Streaking Yankees far from their best

ATLANTA -- The New York Yankees have now won four games in a row and 14 of their past 18. They are a season-high 10 games over .500 at 35-25, are tied for the best record in the American League and, with their 3-0 win over the Atlanta Braves at Turner Field on Monday night, have moved into a tie for first place in the AL East for the first time since April 24.

Imagine if they could hit in the clutch!

That, of course, is a joke of sorts -- despite another night of RISP failure (1-for-8), of heavy casualties on the basepaths (11 LOB) and of yet more futility with the bases loaded (0-for-3), the Yankees pretty much cruised to victory behind the efficient pitching of Ivan Nova and the spectacular glove work of Nova, Nick Swisher and Robinson Cano.

Still, don't mention that other thing to Joe Girardi, because in spite of his team's recent run of success, the subject is apt to make him scream.

And in fact, a few minutes after the conclusion of the game, he did.

No onomatopoeic spelling on the printed page can possibly do justice to the sound the Yankees manager produced when a question began as follows: "Joe, I know it seems silly to talk about it on a night when you win, but the situation with runners in scoring position …"

That was as far as I got before the man let out a shriek that had the attending media fearing for a moment that he had been knifed in the back, or something similarly dreadful.

"So let's not talk about it, and let's see if it changes," Girardi said. "Let's try a different way, and see if it changes."

Girardi then made it clear that he believes The Streak, if that's what you want to call it, thrives on discussion the way a vampire thrives on human blood.

"Let's see if we can kill it," he said.

The truth is, The Streak can only be killed by being pummelled with baseball bats, many of them, in timely situations like the one that came up in the third inning, when the Yankees loaded the bases with one out and came away with just one run, and that one because of a wild pitch.

Or the one that arose in the seventh, when they again loaded the bases with one out, only to come away empty when Sunday's hero, Russell Martin, rapped into an inning-ending double play.

On a night when the Braves could manage only five hits all night, two of them that never even left the infield, and only got one man as far as second base, courtesy of a balk by Nova, such matters can easily be dismissed as trivialities.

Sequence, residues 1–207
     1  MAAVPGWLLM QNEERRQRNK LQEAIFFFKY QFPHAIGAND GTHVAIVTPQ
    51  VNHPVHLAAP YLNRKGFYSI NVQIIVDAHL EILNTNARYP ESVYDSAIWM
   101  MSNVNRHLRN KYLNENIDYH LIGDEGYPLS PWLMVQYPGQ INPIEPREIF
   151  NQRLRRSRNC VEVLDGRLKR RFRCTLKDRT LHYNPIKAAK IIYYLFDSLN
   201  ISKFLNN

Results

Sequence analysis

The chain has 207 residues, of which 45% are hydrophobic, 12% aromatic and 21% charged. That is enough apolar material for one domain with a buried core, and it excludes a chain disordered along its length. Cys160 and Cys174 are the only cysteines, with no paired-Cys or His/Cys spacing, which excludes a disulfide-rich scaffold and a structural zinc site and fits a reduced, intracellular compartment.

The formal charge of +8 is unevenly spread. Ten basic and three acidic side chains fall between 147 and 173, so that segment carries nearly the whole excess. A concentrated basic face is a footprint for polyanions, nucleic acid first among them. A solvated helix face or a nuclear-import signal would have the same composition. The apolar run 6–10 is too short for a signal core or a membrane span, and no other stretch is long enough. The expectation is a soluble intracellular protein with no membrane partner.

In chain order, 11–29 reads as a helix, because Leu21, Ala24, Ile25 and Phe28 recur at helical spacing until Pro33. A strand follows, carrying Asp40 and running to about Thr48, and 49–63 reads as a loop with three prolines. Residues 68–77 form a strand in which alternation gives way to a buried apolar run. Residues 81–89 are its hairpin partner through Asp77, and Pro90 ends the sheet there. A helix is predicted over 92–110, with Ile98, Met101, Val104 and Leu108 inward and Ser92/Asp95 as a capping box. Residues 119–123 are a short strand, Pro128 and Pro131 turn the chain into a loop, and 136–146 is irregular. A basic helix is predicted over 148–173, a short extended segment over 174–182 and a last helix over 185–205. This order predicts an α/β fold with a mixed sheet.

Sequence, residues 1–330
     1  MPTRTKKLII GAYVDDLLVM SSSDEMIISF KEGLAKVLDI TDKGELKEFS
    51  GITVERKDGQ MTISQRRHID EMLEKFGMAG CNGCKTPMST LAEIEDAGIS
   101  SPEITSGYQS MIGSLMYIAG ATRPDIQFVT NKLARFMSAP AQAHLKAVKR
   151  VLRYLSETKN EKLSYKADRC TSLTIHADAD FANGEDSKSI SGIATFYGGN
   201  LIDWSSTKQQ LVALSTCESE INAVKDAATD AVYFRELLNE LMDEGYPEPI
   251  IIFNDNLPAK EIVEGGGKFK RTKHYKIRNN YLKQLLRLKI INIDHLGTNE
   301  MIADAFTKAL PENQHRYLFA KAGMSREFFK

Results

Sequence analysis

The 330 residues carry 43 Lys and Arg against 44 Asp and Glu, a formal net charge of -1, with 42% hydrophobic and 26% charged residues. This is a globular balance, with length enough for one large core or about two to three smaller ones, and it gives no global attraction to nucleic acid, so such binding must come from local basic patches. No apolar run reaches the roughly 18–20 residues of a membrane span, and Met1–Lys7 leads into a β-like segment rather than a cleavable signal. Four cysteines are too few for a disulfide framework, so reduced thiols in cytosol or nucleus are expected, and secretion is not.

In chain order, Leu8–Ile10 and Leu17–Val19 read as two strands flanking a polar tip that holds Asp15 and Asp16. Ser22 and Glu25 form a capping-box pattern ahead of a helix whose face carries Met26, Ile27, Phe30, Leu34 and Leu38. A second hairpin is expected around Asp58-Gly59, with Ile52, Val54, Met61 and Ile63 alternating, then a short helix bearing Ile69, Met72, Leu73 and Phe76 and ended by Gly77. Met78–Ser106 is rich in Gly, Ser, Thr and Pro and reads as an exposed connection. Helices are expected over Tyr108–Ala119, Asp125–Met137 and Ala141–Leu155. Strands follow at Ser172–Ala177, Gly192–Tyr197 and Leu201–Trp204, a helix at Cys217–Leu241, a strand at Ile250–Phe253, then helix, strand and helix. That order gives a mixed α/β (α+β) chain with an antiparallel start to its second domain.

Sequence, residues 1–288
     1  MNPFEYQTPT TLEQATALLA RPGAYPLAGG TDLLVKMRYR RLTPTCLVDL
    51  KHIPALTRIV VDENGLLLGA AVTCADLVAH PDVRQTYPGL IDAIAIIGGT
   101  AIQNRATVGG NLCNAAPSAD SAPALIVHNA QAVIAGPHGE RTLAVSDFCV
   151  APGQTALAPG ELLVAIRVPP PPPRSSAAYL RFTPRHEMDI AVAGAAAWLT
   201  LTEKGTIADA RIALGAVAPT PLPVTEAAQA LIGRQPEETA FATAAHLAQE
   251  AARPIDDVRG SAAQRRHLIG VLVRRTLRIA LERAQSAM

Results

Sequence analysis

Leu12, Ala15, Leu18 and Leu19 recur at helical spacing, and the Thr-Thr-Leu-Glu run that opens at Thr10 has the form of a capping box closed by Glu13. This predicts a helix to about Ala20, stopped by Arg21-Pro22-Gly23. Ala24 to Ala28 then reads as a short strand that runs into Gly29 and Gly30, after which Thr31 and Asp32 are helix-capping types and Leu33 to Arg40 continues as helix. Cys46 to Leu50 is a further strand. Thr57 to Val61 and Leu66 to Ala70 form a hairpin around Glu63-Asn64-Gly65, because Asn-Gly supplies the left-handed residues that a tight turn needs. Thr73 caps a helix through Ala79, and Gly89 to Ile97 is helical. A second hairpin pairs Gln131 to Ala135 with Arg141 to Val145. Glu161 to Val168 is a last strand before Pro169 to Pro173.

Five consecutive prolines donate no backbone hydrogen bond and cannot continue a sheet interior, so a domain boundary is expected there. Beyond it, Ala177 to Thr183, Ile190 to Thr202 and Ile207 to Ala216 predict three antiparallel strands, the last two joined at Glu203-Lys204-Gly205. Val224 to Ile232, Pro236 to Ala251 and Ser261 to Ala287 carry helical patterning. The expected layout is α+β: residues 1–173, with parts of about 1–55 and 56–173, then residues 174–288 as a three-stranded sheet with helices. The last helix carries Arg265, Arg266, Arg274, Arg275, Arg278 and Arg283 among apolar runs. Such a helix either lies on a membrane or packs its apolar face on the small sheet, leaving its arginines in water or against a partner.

But in reality, the Yankees have not hit the way they are supposed to, which only makes their current hot streak that much more astounding.

At risk of repeating myself, what happens if these guys ever start to hit?

"I think we're just going to get better and better," said Raul Ibanez, who hit a solo home run in the second inning, his 10th of the season. "I don't think this lineup has hit its stride yet."

Despite his superstitions, Girardi, too, has acknowledged that the Yankees have yet to hit on anything like all cylinders even now, 60 games into the season.

"We had some opportunities to blow the game open, we just didn't get it done," he said. "But tip your cap to our pitchers tonight, because they did a great job."

Nova followed up his outstanding eight-inning, four-hit, one-run performance against the Tampa Bay Rays on Wednesday with an even better one Monday, allowing just the five hits, walking one and striking out six on a night in which he felt he did not have his best stuff.

But he made a great play to snag a line drive off the bat of Andrelton Simmons to start a big third-inning double play, got a spectacular assist from Swisher, who leapt high to rob Brian McCann of a possible two-run homer in the fourth, and saw Cano make one of his patented sliding backhand stops on a shot by Freddie Freeman that appeared ticketed as an RBI single after Nova had balked Martin Prado to second in the same inning.

"I was enjoying watching those guys play out there," said Nova, who also had the pleasure of collecting his first big-league hit on a line drive to right in the second inning.

Nova is now 8-2 (with a 4.64 ERA) this season, and 24-6 over the last two. Despite the high ERA, he has been as close to a guaranteed win as the Yankees have had all season -- Nova has gone to the mound 12 times this season and the Yankees have won 10 of those games, thanks to a team-high 6.62 average runs per game when he pitches.

On nights like these, it is easy to overlook things like the Yankees' performance w/RISP, which was already the lowest in the league and fell to .220 after this one, or their average with the bases loaded, which dropped to an abysmal .149.

For a bit, Girardi was clinging to the belief that things would improve when Robby Cano started hitting (he has) or when Alex Rodriguez started hitting home runs (he has not) or when Mark Teixeira finally came out of his early-season funk (still waiting). More recently, Girardi has pointed to the expected return of Brett Gardner as the spark that would finally ignite his offense.

That, too, is not going to happen any time soon now that Gardner is out indefinitely and consulting with elbow specialists all over the country.

So, the same way the answers for the starting rotation and the bullpen were located right in the Yankees' clubhouse, so, too, will the answers to the clutch hitting conundrum need to come from within.

As the players like to say, the back of their baseball cards say they always have hit, and will once again. But the nightly box scores say they still aren't hitting yet.

In spite of it all, the Yankees are playing their best ball of the season without playing anywhere near the top of their game.

"These guys are all too good hitters for this to go on forever," Girardi said. "Sooner or later, it will come around."

In the meantime, it's enough to drive a man -- or a manager -- to scream.